Dialling In- It’s a term you’ve probably heard already! It originates from baristas in cafes but in recent years, has made its way into the home world as well. In this article, we'll explore the process of dialling in and what a barista looks at, when trying to get the most out of your coffee. Small disclaimer, this article will focus mostly on espresso!
So, what exactly is "dialling in" dialling in refers to the process of adjusting the variables to achieve a better cup of coffee. This can relate to any form of coffee brewing but more often than not will be related to espresso. The main variables include Grind Size, Dose, Yield and Contact Time to produce the optimal shot of espresso. This process is crucial to achieving consistency in espresso shots and ensuring that each cup of coffee tastes as good as possible. Cafes often physically write the current recipe on or around the grinder, so that whoever pulls the next shot can be as consistent as possible with hitting these targets.
Let’s go over some of these main variables:
Grind size is one of the most crucial factors that affect the taste of espresso. It determines the surface area of the coffee bean that is exposed to water during the extraction process. A finer grind size will lead to a slower extraction and you’d never have guessed but a coarser grind size will lead to a faster extraction!
Dose, or the amount of coffee used in the brewing process, also plays a significant role in determining the strength and flavour of espresso. Dose is a handy variable in some situations but also generally has a similar effect to grind size.
Yield, or the amount of espresso extracted from a dose of coffee, also affects the flavour of espresso. A smaller yield, say around 20-30g is considered a more traditional espresso, while a much more modern style might be as high as 45-55g yield. On average, most espresso recipes in the specialty coffee world would fall pretty close to the 20g Dose, 40g Yield.
Contact Time is a crucial factor as well. The amount of time it takes for water to pass through the coffee bed during the extraction process will be a strong indicator of the strength and extraction of the espresso. A shorter extraction time will generally result in a weaker and less concentrated shot, while a longer extraction time will result in a stronger and more concentrated shot.
So how are decisions made about dialling in? This is not meant to be exhaustive but here are some general rules that should help steer you in the right direction. If the espresso shot is thin, sour or lacking body, the grind should be adjusted finer. This will slow down the flow rate of the espresso, allowing for better extraction. On the other end of the scale, if the shot is muddy, bitter or overly intense, the grind should be adjusted coarser. This will speed up the flow rate, preventing over-extraction and producing a more balanced shot. It's important to remember that small adjustments to the grind can have a big impact on the flavour of the espresso. It's best to make changes gradually until the desired flavour profile is achieved. In a cafe, barista’s commonly do this and call this “micro adjustments” and monitor the variables across the next few shots.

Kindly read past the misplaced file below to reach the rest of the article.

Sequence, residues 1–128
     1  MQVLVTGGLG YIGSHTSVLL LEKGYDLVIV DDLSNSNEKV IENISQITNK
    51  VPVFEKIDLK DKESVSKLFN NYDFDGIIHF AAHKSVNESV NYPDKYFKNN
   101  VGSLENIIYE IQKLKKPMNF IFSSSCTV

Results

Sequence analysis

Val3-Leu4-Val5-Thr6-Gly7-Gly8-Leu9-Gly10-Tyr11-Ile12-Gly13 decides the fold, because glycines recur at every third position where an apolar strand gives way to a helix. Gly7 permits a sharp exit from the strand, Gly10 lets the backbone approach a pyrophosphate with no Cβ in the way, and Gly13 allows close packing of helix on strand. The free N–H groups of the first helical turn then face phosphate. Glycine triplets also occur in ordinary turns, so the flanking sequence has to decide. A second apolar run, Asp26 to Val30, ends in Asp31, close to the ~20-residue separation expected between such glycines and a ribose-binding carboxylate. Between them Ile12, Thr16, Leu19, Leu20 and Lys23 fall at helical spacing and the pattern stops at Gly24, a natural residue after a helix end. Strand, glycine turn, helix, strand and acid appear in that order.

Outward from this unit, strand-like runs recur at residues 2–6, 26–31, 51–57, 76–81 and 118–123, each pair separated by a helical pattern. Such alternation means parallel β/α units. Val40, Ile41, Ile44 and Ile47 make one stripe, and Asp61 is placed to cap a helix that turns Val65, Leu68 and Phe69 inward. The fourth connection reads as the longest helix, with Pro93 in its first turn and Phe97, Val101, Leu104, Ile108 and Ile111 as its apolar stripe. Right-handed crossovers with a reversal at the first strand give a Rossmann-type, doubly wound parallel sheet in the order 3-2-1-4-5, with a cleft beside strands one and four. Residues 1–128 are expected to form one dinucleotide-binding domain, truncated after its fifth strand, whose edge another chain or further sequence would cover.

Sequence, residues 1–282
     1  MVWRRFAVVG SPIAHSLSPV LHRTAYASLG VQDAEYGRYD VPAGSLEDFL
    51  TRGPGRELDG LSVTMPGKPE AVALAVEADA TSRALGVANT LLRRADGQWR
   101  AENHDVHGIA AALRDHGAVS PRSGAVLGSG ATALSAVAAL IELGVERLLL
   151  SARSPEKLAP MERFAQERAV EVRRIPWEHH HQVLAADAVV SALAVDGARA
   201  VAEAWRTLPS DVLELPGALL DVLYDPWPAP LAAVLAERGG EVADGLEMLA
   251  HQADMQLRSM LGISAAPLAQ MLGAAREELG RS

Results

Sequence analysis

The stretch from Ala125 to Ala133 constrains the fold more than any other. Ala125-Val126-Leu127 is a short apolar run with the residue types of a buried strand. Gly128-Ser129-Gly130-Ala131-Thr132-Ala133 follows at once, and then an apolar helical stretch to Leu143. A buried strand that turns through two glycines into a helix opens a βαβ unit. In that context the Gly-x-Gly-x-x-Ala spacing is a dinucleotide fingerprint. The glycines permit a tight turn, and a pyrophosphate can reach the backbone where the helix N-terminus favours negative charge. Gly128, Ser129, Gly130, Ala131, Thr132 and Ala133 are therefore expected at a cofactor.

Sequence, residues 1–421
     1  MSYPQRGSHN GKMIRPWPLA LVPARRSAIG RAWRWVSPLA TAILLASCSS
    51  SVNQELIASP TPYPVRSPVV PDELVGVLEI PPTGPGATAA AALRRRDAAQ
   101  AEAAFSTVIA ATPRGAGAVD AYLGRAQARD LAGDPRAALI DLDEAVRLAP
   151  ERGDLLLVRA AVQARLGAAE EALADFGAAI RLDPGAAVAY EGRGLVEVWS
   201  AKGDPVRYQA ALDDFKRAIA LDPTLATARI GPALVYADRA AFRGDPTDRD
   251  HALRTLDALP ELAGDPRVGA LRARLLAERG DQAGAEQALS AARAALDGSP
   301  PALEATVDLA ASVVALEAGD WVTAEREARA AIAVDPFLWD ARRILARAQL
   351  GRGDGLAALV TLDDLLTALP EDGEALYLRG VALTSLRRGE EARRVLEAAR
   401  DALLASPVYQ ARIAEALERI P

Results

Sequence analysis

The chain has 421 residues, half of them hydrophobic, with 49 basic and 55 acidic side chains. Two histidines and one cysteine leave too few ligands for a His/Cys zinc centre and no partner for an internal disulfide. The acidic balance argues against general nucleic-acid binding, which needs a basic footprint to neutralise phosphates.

An important lesson to learn when changing beans, even in a home setup, is not to make more than one adjustment at a time. This is because if you make multiple changes, it will be difficult to determine which adjustment resulted in which change in flavour. For example, if you adjust your grind finer and lower your dose at the same time- Even if it’s perfect, in future situations this is likely to be impossible to replicate this improvement. The moral of the story is to always start by making minor adjustments to your grinder and espresso machine. Once you have made a single adjustment, it’s important to note our main variables; Grind Size, Dose, Yield and Contact Time and then taste the espresso shots to see what you think! Although different coffees can often pull really differently, it’s generally a lot less wasteful to make these small adjustments and methodically make your way to a great espresso, rather than trying for a hail mary type adjustment that will likely end up in quite a few shots down the drain. This approach also allows you to develop a deeper understanding of the results you get in the cup, from these individual adjustments of our variables.
Dialling in is a crucial process in the cafe world but that doesn’t mean you can’t dial in just like the barista from your favourite cafe at home. Be patient, be methodical, taste everything and enjoy the process. The best way to learn is by tasting for yourself, trying different recipes, trying different beans and trying to be as consistent as possible in the way you make espresso. I’m sure next time you visit your favourite cafe you’ll have to take a moment to appreciate the hard work and dedication that goes into dialling in the coffee and then nailing that recipe throughout the day.
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